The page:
Senate passes bill to block EPA’s controversial clean water rule

Updated Nov 7, 2015

The U.S. Senate has voted to block the implementation of the Environmental Protection Agency’s Waters of the United States rule, according to The Hill.

However, the vote doesn’t mean those in the construction and aggregates industries who opposed the rule can rest easily quite yet. The bill was blocked with a Congressional Review Act resolution, which passed 53-44. The CRA method means the Republicans didn’t have to worry about a filibuster, but the bill still has to go to President Barack Obama’s desk.

And the White House said on Tuesday that it would veto the bill. But for the for the supporters of the bill—all but one Senate Republican and three Democrats—the passage puts the onus back on the President.

“My legislation is the necessary next step in pushing back against this blatant power grab by the EPA,” bill sponsor Sen. Joni Ernst (R-Iowa) said. â€śWe will send this to the president, where he will be forced to decide between the livelihood of our rural communities nationwide and his unchecked federal agency.”

Since the EPA’s new clean water rule was announced, many Republican lawmakers, as well as those in the aggregate and construction industries, decried it as a federal government grab for more power. While the rule is meant to solidify the EPA’s authority over small bodies of water such as ponds and streams, opponents have argued that the Waters of the U.S. rule would give the agency power over ditches and puddles.

A Senate committee passed a bill in June that would throw out the rule and send the EPA back to the drawing board. The bill would lay out guidelines for the EPA to rewrite the rule. The Senate bill followed a similar one from the House of Representatives back in May just after the WOTUS rule was officially finalized.

But the White House has said the rule was put through an “extensive public engagement process” to determine what was needed. The rule, according to the executive supporters, keeps Americans healthy by keeping water clean.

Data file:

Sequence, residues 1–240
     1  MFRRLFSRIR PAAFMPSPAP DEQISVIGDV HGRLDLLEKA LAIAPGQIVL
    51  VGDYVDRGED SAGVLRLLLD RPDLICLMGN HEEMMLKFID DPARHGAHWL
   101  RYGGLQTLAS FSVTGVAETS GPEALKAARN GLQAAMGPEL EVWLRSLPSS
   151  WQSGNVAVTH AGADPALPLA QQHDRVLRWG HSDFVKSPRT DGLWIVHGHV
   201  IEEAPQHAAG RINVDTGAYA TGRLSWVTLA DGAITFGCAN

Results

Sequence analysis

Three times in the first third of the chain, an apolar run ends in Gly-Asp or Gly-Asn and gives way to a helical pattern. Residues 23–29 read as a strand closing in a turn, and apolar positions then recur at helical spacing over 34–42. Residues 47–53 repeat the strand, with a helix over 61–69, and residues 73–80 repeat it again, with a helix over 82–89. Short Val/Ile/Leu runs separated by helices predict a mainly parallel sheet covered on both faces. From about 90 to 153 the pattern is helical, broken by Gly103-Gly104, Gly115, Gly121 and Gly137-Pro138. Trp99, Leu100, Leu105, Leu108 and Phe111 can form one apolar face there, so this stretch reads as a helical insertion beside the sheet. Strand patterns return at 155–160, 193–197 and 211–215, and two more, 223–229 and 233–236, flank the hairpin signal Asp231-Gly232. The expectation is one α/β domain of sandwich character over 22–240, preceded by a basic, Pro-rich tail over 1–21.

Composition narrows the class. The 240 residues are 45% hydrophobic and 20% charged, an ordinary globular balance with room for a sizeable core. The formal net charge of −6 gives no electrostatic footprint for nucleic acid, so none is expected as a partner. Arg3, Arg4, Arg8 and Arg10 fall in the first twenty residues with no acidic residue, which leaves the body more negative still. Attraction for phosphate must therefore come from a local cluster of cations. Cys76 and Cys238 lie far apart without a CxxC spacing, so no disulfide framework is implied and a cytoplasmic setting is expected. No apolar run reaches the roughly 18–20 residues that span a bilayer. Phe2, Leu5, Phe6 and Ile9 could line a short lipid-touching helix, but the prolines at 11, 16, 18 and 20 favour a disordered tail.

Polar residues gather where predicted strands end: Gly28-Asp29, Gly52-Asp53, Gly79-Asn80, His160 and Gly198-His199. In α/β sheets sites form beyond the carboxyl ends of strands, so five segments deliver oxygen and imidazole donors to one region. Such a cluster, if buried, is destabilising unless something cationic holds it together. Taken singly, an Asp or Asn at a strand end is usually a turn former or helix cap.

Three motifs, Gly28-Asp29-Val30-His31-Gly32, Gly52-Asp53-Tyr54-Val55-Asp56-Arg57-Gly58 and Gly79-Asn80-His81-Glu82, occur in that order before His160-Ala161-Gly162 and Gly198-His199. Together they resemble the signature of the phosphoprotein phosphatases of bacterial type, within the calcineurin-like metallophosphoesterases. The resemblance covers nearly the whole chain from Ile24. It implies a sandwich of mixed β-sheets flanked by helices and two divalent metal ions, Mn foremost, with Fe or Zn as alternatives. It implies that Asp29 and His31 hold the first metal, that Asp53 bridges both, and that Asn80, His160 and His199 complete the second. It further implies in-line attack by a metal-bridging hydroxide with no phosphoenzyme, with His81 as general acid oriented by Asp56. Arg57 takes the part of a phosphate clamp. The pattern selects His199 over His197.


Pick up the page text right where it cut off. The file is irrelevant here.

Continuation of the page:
“The agencies’ rulemaking, grounded in science and the law, is essential to ensure clean water for future generations, and is responsive to calls for rulemaking from the Congress, industry, and community stakeholders as well as decisions of the U.S. Supreme Court,” White House officials wrote in a Statement of Administration Policy. “If enacted, (the Senate bill) would nullify years of work and deny businesses and communities the regulatory certainty needed to invest in projects that rely on clean water. … It would sow confusion and invite conflict at a time when our communities and businesses need clarity and certainty around clean water regulation.”

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However, the Republican supporters of the Senate bill and those long advocating for the EPA to come up with a better solution, have said the WOTUS regulations would only hurt Americans and American businesses.

“Most Democrats chose an ideological power grab over sensible clean water rules yesterday,” Senate Majority Leader Mitch McConnell (R-Kentucky) said. â€śThis regulation feels a lot like the latest in a sustained Obama administration regulatory assault on their families. Well, the Senate is going to pursue another avenue today to protect the middle class from this unfair regulatory attack.”